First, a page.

For the summer I do two sessions of each weekly program for Grades K-2 and two sessions for Grades 3-6. I am somewhat flexible with these age ranges, especially in the case of siblings. Breaking it up this way allows me to adapt the programs more specifically to each age range and maintain a registration size of around 12 for each program.
Without further ado, here are the crafts we did:
Supplies needed:Toilet paper tubes
I cut slits into toilet paper tubes and let the kids paint their own cuffs. Word of warning they may stretch a bit as they are painted! I told the kids they could always squeeze them back into shape once they dry.
White fabric (about a half a yard per child)
Cost: About $17 for the fabric, $15 for three new packs of fabric markers.
This was my big splurge for the program. I bought the cheapest white fabric I could find at JoAnn Fabrics and new fabric markers. The fabric was cut into cape sized pieces and U shaped hole was cut in the top for the neck. It was definitely worth it, especially when I saw a little boy come into the library the following day wearing the cape he had decorated. FYI: I've also seen capes made out of old t-shirts, which is something I might consider if I did this again.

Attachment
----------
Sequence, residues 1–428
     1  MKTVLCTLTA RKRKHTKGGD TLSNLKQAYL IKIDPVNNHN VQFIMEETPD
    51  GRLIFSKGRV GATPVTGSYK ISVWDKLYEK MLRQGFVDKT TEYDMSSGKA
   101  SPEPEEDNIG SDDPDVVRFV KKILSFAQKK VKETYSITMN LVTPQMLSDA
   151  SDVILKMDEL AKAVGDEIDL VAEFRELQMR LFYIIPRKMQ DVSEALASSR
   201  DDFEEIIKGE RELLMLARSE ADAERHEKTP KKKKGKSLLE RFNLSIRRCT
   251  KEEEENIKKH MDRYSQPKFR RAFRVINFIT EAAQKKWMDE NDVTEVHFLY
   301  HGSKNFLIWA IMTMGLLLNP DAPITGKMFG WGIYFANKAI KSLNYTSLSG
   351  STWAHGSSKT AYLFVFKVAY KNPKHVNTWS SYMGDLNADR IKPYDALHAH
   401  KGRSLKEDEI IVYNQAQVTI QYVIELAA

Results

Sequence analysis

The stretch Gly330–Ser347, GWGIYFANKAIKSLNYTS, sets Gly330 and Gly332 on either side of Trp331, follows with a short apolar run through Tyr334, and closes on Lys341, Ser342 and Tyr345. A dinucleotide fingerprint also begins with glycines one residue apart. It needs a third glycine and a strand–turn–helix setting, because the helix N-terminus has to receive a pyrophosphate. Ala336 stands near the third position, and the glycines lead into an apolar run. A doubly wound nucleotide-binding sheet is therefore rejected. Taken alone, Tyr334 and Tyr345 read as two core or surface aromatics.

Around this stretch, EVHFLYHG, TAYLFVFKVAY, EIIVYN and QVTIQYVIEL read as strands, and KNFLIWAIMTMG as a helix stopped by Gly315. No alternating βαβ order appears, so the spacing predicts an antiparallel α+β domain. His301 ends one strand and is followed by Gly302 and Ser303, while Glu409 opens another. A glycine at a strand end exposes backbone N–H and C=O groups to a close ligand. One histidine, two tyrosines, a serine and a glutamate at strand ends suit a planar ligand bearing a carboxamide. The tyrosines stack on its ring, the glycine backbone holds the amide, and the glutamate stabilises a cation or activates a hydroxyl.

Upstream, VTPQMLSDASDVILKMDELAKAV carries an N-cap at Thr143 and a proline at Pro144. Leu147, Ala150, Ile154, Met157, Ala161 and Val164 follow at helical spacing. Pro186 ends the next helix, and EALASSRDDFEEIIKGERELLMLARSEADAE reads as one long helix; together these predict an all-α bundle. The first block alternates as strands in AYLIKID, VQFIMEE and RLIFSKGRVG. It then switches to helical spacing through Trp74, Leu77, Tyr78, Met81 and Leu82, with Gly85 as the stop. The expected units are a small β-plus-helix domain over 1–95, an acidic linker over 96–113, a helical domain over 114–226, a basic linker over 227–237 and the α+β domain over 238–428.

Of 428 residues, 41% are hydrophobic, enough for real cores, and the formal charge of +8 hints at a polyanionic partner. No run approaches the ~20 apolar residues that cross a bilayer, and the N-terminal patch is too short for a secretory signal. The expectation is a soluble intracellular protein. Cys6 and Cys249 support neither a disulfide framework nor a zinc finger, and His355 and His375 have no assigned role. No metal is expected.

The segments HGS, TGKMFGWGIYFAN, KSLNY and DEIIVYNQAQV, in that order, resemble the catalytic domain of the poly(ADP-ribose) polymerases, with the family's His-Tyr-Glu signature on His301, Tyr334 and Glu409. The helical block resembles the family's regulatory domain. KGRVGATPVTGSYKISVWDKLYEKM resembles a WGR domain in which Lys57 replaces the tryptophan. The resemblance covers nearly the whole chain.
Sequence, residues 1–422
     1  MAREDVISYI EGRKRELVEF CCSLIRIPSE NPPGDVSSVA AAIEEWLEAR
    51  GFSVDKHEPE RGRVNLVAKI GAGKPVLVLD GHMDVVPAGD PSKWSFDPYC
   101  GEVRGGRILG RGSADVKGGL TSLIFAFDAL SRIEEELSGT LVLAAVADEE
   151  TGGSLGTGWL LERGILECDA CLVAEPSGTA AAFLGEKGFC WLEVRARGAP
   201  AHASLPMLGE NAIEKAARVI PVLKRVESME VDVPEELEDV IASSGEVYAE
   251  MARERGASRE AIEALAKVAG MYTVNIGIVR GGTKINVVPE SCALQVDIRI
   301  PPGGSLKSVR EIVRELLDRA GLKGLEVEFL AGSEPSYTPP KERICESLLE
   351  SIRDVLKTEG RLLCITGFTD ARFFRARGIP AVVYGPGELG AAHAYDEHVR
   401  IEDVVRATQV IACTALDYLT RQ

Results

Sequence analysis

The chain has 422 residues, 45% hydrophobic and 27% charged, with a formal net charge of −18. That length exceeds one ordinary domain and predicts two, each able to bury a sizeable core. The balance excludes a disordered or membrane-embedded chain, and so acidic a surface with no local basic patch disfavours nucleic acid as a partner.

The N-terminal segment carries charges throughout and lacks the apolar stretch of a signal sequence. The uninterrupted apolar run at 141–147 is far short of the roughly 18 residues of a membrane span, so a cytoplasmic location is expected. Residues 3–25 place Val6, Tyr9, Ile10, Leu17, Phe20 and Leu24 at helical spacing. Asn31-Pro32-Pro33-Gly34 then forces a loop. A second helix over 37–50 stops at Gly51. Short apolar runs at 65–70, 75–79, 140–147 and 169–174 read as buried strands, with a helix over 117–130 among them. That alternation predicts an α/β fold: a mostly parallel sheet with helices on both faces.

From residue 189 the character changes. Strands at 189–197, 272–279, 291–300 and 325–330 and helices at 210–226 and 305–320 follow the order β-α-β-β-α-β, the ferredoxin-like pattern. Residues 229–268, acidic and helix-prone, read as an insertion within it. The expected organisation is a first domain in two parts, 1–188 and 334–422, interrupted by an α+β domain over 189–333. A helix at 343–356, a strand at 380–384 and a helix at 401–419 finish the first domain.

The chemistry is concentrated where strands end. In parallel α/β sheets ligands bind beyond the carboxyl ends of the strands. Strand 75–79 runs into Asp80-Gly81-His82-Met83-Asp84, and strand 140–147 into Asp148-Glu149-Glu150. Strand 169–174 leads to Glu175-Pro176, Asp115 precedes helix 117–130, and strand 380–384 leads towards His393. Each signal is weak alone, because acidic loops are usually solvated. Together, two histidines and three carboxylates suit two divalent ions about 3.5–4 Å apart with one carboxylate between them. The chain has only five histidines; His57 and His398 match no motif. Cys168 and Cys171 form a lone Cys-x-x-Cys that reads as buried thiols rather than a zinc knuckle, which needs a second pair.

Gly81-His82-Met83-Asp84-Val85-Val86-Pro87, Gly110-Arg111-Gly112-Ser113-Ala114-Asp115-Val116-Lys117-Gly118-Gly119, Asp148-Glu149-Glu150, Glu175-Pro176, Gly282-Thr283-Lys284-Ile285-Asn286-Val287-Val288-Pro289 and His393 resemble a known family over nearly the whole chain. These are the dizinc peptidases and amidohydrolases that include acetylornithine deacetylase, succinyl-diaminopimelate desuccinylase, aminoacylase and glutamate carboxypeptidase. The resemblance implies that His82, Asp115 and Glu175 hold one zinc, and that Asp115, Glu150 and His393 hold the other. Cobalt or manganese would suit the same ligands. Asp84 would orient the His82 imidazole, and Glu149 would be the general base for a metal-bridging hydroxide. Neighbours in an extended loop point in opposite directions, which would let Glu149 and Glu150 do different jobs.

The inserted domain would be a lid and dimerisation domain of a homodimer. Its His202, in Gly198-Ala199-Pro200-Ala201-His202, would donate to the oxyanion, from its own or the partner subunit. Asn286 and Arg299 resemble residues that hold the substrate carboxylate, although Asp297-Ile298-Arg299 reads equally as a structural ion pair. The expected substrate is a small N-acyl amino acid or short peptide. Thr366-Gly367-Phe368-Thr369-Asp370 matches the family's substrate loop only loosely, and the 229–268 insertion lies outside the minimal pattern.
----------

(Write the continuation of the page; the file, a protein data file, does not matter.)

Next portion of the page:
To complete their gear, the kids painted paper plate "shields". These were definitely a hit as well.
Large roll of paper
Our final craft for this age group was decorating a large piece of paper I will use to wrap my desk this summer. The great thing about this craft is that once it is displayed kids will most likely bring their families by the library to show it off.
Popsicle sticks (About 5 per puzzle)
Print outs of superheros or old comic pages
Crayons or Paint
I got the idea for this craft at GeekyKool.com. The basic idea is taping Popsicle sticks together and gluing an image on. The sticks are then cut apart to create a puzzle. I didn't have old comics available, so I used the hero images that have generously been made available at Hafuboti. The kids could color or paint these heroes, a process that kept most kids engaged for close to a half an hour.
Superhero Scratch Offs
Supplies needed: Scratch offs and scratching tools
I didn't have a chance to get a picture of these, but we broke out the superhero scratch offs I ordered from the CSLP program. They are basically black superhero shapes you can scratch to reveal a variety of colors. The kids seemed to like these, even though some of them just proceeded to scratch off their entire super hero.
Create your own comics
|Image from openclipart.org|
Comic print outs
Comic print outs
I printed out sheets of comic strips for the kids to create their own comics. There are many places you can find these templates online, but I got mine from the blog Sweet Hot Mess. Due to how long they spent on the puzzles, many of these comics ended up being taken home.
I hope that everyone is having a great summer so far, and that these crafts come in handy. If you have any programming or craft ideas to share I'd love to hear them!